At this site, I could spend time discussing shows at great comedy clubs. Just don’t think that would be that interesting. Instead, I try to give you a view into the weirder venues I perform at. Every once in awhile I’m asked to perform at a house party. Almost always I say no, as they are pretty much a no-win situation. Sometimes, though, the money is too good to pass up. Here is the story of the 2 times that has happened in 2010.
During the summer a woman contacted me and asked if I could perform at a surprise birthday party for her neighbor. The woman had one of those type of accents where I had no idea where she was from, except that it was probably middle-eastern. She had seen some clips of mine on-line and I was the person she wanted. Now that was flattering, plus it was only 20 minutes from my house. I still was wary about doing it as she said I would perform in her living room. I knew this meant no microphone, no lights, no stage, just me standing in front her guests projecting my ass off. She said she wanted me to do this on Sunday morning. I have never met a comedian who has done a show on Sunday morning and I’m guessing there is a reason for it. Sunday morning isn’t the time for comedy unless you consider Reverend’s Robert Tilton or Earnest Angsley comedians.
I decided to do it when she told me how much she was going to pay me. For the amount she offered I didn’t want to make these poor people have a get-together without my comedy stylings. So I show up and my host mentions at the door not to tell them I’m a comedian as she wants to make it surprise. She tells me to say that I’m a podiatrist friend of her husbands. I quickly guess scanning the room who her husband is. The older white guy. The rest of the party was all African-American. Now before you go all racial on me, whiteys, let me offer that this neighborhood was at least 3 pay grades above mine and the birthday crew were more Huxtable than Def-comedy jam. Unfortunately in this situation, I am no Bill Cosby.
So after an awkward 45 minutes standing around bullshitting the guests, our very strange host told everyone to sit down because she had a surprise for them. Then she told me to stand in the middle of them and start doing my thing. No intro, no context, no…you get the scene. I had to be careful not to step on the little babies and toddlers crawling at my feet, but I offered up my thing. I was just hoping the 2 very sweet elderly women there wouldn’t be offended by anything I said, as even though I was doing a PG performance, it was church time. If it is uncomfortable for you to read, let me tell you it was even worse standing in my shoes. The group was very polite, even though I could tell the last thing they wanted was for me to be telling jokes to them at 11:30 AM. What made it much worse was I was being directed by the host in her broken English to do certain jokes she had seen me do on the internet. I had no idea what half of these jokes were and I was starting to think she had seen someone else she liked and confusingly got a hold of me. I’m sure she was starting to think the same thing. I can promise you if I would’ve known how the whole thing was going to go down, I would never had shown up, despite the cash windfall.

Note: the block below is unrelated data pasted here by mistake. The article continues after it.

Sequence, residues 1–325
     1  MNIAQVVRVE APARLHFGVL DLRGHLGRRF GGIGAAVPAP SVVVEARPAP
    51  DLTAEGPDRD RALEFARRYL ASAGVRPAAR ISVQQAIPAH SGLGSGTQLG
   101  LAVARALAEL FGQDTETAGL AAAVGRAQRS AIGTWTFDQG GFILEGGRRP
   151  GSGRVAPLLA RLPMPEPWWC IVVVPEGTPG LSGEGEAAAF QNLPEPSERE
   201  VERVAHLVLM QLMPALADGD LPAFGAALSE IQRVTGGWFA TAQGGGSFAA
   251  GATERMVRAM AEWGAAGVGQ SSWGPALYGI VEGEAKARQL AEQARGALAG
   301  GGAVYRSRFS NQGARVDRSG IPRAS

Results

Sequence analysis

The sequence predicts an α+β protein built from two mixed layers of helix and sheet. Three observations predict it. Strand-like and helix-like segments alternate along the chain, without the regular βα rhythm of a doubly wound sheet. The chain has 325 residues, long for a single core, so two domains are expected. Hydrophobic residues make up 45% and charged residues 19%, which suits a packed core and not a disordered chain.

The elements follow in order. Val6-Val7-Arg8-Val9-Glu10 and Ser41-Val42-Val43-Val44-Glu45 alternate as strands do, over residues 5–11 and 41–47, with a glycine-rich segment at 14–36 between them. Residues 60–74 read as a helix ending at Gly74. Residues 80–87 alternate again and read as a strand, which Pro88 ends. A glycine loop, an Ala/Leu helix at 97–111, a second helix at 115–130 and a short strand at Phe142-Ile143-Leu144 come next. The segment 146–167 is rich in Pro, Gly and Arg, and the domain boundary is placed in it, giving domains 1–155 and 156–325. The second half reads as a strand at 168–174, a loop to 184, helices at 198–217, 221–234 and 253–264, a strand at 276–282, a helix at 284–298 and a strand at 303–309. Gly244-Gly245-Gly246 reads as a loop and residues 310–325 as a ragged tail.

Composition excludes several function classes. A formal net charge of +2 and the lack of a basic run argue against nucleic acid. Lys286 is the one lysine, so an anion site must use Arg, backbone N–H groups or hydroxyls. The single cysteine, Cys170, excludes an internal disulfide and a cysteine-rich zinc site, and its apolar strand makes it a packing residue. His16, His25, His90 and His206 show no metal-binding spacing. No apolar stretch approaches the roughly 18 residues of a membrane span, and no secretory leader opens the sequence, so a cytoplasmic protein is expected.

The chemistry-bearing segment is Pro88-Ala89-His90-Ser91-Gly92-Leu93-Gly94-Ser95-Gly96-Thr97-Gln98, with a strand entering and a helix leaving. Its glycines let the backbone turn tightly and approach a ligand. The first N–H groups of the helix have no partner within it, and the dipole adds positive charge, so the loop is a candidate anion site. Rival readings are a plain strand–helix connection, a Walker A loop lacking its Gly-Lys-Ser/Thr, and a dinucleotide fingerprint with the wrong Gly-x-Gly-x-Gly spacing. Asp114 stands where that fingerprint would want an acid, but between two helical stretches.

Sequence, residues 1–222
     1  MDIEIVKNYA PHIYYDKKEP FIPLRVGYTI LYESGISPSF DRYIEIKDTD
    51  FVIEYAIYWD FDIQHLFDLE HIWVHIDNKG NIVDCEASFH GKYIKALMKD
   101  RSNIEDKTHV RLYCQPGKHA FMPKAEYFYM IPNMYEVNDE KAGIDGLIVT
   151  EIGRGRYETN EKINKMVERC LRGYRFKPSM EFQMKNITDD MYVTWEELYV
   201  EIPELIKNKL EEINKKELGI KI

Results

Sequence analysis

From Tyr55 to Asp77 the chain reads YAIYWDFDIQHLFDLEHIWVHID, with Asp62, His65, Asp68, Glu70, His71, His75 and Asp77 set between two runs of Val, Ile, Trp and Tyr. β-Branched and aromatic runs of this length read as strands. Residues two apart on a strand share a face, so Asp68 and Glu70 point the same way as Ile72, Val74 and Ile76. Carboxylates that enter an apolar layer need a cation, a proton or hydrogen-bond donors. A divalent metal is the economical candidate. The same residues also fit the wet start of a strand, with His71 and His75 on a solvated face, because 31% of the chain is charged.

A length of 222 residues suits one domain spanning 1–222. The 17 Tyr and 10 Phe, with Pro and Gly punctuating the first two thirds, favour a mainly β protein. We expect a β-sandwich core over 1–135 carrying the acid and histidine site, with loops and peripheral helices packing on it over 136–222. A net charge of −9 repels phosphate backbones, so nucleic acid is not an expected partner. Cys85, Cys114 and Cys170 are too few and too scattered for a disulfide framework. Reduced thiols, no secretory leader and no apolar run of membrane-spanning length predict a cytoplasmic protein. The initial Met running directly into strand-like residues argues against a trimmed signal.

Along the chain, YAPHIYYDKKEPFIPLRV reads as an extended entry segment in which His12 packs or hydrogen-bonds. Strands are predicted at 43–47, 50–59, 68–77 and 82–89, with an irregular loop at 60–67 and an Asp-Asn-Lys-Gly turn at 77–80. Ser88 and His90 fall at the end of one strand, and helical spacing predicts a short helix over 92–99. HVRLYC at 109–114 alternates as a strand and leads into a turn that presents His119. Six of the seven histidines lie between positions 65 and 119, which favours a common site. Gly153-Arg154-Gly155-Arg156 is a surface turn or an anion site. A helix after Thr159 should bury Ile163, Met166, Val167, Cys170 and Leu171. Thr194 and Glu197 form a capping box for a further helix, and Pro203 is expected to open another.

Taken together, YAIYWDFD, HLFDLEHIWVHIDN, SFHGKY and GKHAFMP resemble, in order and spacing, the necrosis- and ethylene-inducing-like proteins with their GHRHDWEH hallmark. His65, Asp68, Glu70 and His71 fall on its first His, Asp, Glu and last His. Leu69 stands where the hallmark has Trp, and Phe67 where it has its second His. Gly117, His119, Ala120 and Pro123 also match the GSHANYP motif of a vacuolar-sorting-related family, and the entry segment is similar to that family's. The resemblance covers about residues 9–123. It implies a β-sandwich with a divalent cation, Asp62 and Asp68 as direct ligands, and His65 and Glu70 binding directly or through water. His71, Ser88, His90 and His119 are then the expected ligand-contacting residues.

After me sweating it out for an eternity (45 minutes) I dismounted. I thanked everyone profusely for putting up with me. The only really big laugh I got was when I said considering the makeup of my audience, I wished someone had given me Creflo A. Dollar’s sermon that week to deliver. The next morning I quickly hit the bank and deposited the Blood Diamonds, as it was as tough of a gig as I had ever done.
I brought this story up because last night I did another House party. A friend of mine had gotten a hold of me to do his corporate Xmas party next Saturday. He also asked as a package deal if I would perform at his annual house Xmas party. Didn’t want to do it, but he was being very generous with me, so I said OK. Now while it wasn’t half as bad as the previous mentioned show, it was a challenge in some ways, as I was standing in front of the kitchen island as the 20 people there were sitting on couches in the great room. They were all pretty bombed, as they had been playing Euchre, a popular card game played in the Midwest which often helps facilitate drinking. I stood up and did my thing. Didn’t feel that good about my performance, but everyone seemed pretty happy afterwards, so I survived it. Next time you think being a comedian is just going to some comedy club and telling jokes to appreciative audience members keep in mind that isn’t always the case. I do know though, that my job is rarely boring.